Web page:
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Here is my system's configuration:

  • Windows 8 Developer Preview (32-bit)
  • 2 GB RAM
  • Nvidia GeForce 8400 M (w/ 256 MB RAM)

In order to run a memory-intensive application, I needed to increase the virtual address space from 2 GB to 3 GB. (Note that this has nothing to do with virtual memory - a completely different concept.)

What are some possible negative side effects of increasing the virtual address space by 1 GB? My guess is that Windows will cache fewer disk reads, use the pagefile more, etc. Is there anything more serious that I should worry about?

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Actually, virtual address space and virtual memory are precisely the same concept. You will be increasing the virtual memory available to each process from 2GB to 3GB. –  David Schwartz Nov 13 '11 at 4:14
    
@DavidSchwartz: Well... I meant that increasing the size of the pagefile doesn't increase the virtual address space as I originally mistakenly assumed :P –  Nathan Osman Nov 13 '11 at 4:33
    
That's correct. Due to the unfortunate fact that the page file size is the only UI-tunable thing in Windows virtual memory panel, people have come to confuse paging with virtual memory. Windows implements paging in its virtual memory system (as most modern OSes do, and hence why the tuning control is where it is), but as far as the concepts go, you can have either one without the other. –  David Schwartz Nov 13 '11 at 4:38

1 Answer 1

up vote 6 down vote accepted

In the 32-bit versions your virtual address space is 4GB total; 2GB for User space, and 2GB for System. When you take 3GB for the User space, you only leave 1GB for the System space. This means it's twice as easy to exhaust the System address space, so you may run into kernel-level driver problems (things like disk controllers and other I/O).

I found this excellent article on TechNet that explains some of the pitfalls: "Memory Management - Demystifying /3GB"...

Here's an applicable blurb:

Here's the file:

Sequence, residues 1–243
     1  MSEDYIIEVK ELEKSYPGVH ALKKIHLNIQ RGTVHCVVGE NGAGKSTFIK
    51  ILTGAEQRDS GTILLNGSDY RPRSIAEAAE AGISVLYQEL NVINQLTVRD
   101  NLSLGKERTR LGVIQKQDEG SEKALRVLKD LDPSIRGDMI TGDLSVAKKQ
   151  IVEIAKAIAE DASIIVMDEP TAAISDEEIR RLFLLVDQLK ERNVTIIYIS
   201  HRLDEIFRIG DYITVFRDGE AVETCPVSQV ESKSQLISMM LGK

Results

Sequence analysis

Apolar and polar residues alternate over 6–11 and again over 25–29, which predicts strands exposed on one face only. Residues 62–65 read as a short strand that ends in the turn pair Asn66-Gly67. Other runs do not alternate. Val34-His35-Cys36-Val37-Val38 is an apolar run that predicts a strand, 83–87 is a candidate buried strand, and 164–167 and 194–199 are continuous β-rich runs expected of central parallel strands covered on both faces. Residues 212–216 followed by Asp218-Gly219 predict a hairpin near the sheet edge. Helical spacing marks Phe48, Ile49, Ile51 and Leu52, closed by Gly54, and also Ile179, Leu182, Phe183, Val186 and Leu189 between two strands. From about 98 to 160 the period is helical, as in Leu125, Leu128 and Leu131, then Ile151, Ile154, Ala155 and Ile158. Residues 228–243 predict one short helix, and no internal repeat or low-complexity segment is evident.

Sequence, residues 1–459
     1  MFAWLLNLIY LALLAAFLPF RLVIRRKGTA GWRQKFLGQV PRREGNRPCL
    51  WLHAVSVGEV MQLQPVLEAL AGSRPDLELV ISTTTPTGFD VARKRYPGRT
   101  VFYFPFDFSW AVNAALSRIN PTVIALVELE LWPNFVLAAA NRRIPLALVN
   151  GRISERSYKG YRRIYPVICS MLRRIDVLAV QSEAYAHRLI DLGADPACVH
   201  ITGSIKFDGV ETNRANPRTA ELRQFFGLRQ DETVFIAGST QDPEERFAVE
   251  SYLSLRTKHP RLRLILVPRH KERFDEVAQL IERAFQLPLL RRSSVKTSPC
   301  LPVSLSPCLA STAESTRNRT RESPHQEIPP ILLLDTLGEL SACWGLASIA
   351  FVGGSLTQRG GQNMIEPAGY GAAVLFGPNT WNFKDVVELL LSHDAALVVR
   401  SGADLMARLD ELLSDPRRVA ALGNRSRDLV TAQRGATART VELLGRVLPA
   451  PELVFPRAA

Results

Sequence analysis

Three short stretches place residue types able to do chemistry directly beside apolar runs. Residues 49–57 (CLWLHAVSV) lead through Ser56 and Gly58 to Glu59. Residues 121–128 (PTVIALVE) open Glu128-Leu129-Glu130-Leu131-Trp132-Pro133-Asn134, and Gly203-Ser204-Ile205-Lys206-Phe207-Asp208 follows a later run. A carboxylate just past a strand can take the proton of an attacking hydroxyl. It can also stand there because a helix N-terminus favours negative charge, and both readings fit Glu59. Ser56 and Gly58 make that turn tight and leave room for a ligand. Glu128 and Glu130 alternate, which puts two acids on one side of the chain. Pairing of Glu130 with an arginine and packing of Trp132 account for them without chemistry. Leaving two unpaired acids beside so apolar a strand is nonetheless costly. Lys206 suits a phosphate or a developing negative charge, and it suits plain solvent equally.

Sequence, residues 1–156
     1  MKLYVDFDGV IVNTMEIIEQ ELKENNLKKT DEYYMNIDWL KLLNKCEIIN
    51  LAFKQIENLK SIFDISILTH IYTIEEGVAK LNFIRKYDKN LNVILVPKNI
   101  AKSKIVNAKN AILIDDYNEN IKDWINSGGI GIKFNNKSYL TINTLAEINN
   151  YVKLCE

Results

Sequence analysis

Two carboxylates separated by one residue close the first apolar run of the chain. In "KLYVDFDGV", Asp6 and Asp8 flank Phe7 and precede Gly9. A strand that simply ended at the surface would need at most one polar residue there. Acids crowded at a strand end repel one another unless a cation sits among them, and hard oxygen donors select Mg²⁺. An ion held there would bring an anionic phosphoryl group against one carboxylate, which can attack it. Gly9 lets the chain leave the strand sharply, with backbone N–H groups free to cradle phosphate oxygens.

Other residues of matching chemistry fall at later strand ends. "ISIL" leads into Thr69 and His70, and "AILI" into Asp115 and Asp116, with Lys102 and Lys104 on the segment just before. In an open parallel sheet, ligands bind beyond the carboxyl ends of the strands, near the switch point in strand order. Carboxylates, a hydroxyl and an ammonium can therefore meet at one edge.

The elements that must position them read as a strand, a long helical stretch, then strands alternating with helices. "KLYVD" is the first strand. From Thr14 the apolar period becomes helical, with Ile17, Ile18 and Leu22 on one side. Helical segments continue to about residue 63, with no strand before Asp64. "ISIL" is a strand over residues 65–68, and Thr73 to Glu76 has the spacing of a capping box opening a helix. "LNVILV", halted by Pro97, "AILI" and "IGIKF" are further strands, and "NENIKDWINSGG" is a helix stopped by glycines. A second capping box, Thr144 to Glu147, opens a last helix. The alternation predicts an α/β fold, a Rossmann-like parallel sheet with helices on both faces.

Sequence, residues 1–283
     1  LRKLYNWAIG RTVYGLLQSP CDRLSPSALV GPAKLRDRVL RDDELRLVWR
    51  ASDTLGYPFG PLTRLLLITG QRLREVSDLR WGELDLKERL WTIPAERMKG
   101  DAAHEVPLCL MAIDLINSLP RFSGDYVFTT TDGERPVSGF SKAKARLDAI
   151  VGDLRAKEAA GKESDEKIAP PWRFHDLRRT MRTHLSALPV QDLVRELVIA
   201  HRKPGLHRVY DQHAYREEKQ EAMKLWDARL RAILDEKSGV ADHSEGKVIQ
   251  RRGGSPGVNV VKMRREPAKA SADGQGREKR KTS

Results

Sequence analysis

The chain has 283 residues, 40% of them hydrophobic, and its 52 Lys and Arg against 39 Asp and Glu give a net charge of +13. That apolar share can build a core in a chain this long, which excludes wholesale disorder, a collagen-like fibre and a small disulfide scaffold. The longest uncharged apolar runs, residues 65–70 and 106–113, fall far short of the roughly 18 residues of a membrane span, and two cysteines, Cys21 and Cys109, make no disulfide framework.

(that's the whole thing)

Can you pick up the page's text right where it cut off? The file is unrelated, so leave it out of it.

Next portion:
Remember that we only have a 4GB total address space to work with. If we have to allocate an additional 1GB of this address space to the user-mode space, then the System space is cut in half. Drivers, Heap, Paged & NonPaged Memory all have only half the resources to work with now. However, because of the way memory mapping works, cutting the kernel space in half does a lot more than just reducing the address space. Many of the structures within the kernel virtual memory space are cut back by far more than 50%. For example, we took a Windows Server 2003 Enterprise R2 machine with 1GB of RAM installed and compared some values with and without the /3GB switch enabled.

Default OS Build:

Free System PTE's: 251,980 (1,007,920 kb)

NonPaged Pool Max: 206,848 kb

With /3GB enabled:

Free System PTE's: 34,884 (139,536 kb)

NonPaged Pool Max: 129,312 kb

As you can see, the Free System PTE's drops by over 200,000. Keep in mind that this is only a test server that isn't under any sort of load. A machine under medium to heavy load could quite easily run out of free PTE's - meaning that the system can no longer map system pages such as I/O space, kernel stacks and memory descriptor lists. In addition, look at NonPaged Pool after the /3GB parameter is enabled.

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What about allocating 2.5 GB to userspace applications? Would that lessen the strain on memory for the kernel? –  Nathan Osman Nov 13 '11 at 4:02
    
That will get you less benefit at less cost. If the extra 512MB of virtual memory will make a big difference, then go for it. (Remember, the applications need to be coded to use the additional address space. And they must not contain any bugs that cause them to break when pointers appear the same as negative signed integers.) –  David Schwartz Nov 13 '11 at 4:17
    
@DavidSchwartz: Right - the application I'm referring to does indeed take advantage of the extra address space. It's Lightworks. In fact - it wouldn't even run until I increased the virtual address space. –  Nathan Osman Nov 13 '11 at 4:22
2  
Did you know that 64-bit versions of Windows make a full 4GB of virtual address space available to 32-bit processes that are large address aware. See Microsoft's Memory Limits for Windows Releases. Switch to a 64-bit OS. –  David Schwartz Nov 13 '11 at 4:36

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